Switzerland has more ballet than its cheese has holes
THIS APPEARED IN THE 2/22/88 WORLD EDITION THE land of cuckoo clocks, Gruy`ere cheese, and William Tell is now earning itself a new reputation - that of a center for dance.Skip to next paragraph
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Switzerland, half the size of Ireland with a population of 6 million, now boasts four full-size dance companies plus an annual dance competition - the Prix de Lausanne - that each January attracts young dancers from around the world. (This year's winner came from South Africa: Ann Wixley who, with predatory poses, dramatically performed a piece called ``Soul of Africa.'')
The newest jewel in the Swiss dance diadem is Maurice Bejart's ``Ballet of the 20th Century,'' which recently transferred its headquarters from Belgium to Lausanne. For 28 years, the Theatre de la Monnaie in Brussels had been home to the Bejart Company and had seen it develop into one of the world's most admired dance companies. But last season, the funding for ballet productions was so drastically cut that Bejart accepted an invitation from Switzerland to resettle his troupe there as the resident company of the Theatre de Beaulieu.
Maurice Bejart, one of the major choreographers of our time, delights in producing full-blown theatrical productions. His company of 50 dancers just completed a successful season in Paris where it performed the epic ballet, ``Kabuki: 47 Samauri,'' which is based on Bejart's feel for the traditions of Japanese Kabuki theater.
Relating the true story of the 47 ronin (samurai) who in 1702 avenged the assassination of their master, Bejart fills his spectacle with far-eastern atmosphere, emphasizing the ancient rituals with careful, deliberate movements. The ballet was created for Japan's Tokyo Ballet Company in 1986 before becoming part of the repertoire of the ``Ballet of the 20th Century.''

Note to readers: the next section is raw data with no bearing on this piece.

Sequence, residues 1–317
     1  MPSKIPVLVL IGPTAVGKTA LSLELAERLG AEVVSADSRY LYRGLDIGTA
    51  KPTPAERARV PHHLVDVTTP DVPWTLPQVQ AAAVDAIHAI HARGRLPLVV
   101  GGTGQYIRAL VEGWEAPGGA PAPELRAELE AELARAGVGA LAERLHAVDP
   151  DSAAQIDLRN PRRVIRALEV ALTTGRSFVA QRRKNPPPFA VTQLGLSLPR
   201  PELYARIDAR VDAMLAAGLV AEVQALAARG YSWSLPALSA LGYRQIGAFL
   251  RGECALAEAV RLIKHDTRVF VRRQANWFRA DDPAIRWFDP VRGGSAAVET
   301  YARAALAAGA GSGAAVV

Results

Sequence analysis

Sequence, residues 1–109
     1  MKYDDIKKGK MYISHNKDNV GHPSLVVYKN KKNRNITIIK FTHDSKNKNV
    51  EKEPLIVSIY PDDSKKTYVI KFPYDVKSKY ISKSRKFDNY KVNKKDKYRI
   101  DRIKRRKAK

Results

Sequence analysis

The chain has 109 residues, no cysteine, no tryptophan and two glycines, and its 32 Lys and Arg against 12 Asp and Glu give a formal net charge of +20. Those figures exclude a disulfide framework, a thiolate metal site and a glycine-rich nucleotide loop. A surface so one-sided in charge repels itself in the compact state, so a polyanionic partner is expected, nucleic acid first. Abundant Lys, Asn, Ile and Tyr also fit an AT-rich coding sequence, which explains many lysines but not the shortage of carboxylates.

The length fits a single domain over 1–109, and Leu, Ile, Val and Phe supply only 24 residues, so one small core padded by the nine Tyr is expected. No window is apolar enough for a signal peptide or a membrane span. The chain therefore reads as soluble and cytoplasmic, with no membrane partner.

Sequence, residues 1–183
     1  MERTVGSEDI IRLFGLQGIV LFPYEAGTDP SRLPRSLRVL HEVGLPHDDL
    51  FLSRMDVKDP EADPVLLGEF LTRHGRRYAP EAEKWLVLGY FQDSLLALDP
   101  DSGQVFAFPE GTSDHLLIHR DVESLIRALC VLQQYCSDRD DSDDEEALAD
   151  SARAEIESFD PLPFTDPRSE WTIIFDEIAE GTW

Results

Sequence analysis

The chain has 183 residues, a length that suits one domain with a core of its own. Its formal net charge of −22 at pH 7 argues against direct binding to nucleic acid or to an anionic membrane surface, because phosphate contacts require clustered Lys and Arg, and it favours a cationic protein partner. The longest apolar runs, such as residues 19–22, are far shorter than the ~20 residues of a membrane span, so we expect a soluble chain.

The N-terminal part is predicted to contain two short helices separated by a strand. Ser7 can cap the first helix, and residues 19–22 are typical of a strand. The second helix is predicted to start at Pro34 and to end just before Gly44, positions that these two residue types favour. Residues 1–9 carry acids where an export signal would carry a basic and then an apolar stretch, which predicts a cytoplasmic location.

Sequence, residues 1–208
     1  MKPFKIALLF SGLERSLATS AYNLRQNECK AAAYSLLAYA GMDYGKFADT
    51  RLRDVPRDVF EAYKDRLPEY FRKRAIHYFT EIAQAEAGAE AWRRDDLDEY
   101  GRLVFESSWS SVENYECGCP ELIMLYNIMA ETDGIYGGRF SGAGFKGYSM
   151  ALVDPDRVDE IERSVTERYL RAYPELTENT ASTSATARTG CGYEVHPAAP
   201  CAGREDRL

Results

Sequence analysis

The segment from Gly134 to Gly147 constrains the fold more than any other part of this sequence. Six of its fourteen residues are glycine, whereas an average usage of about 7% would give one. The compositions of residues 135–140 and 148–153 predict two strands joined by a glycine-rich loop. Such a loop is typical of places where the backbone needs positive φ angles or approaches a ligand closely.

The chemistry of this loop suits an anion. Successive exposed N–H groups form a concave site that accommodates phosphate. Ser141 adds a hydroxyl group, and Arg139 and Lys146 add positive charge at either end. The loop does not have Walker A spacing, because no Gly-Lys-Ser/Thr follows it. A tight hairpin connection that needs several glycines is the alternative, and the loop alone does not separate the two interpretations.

But not everything Bejart does wins immediate praise, as he found in California last year. His ``Malraux, or the Metamorphosis of the Gods'' deals with the life of French writer and statesman Andre Malraux, who served as Charles de Gaulle's minister of information and later as minister of culture. Critics in Los Angeles, bored with the long political speeches (in French) that are woven into the show, complained, ``It's not dance.'' Yet the ballet was acclaimed in Europe for its expansive portrayal of the French statesman and Bejart's clever treatment of five aspects of his character - hero, writer, adventurer, eccentric, and ``dyable,'' Malraux's own word for himself refering to his habit of doodling.
Ballet Company of the Grand Theatre de Gen`eve
Further along Lake Geneva, in the city where the League of Nations was founded, is the Ballet Company of the Grand Theatre de Gen`eve, which has had a long association with the United States through the work of George Balanchine, the legendary choreographer and founder of the New York City Ballet. Under his watchful eye, the company preserved and performed his flowing style for 10 years from 1969, first under the direction of Alfonso Cata, then Patraicia Neary.
Today, it offers a varied program often with a South American flavor. Its director since 1980 has been Argentine choreographer Oscar Araiz. The present season opened with a double bill of Bartok's ``The Miraculous Mandarin'' and ``Pantheon,'' and on March 13, Araiz will present his new ballet, ``Child Alice,'' to music by David Del Tredici. Taking his inspiration from the classic fairy tale of ``Alice in Wonderland,'' Araiz uses three ballerinas to depict the complex character of Alice.
In his ballet ``Misia,'' premi`ered in Geneva and taken in September to the Pompeii festival in Italy, Araiz follows the life of the influential and fascinating Misia Sert, who became the muse of many famous artists from the end of the last century to the last world war. Araiz introduces, either as dancers or in his choice of music, many of the people she knew - such as Debussy, Ravel, Diaghilev, Nijisky, Isadora Duncan, and Coco Chanel.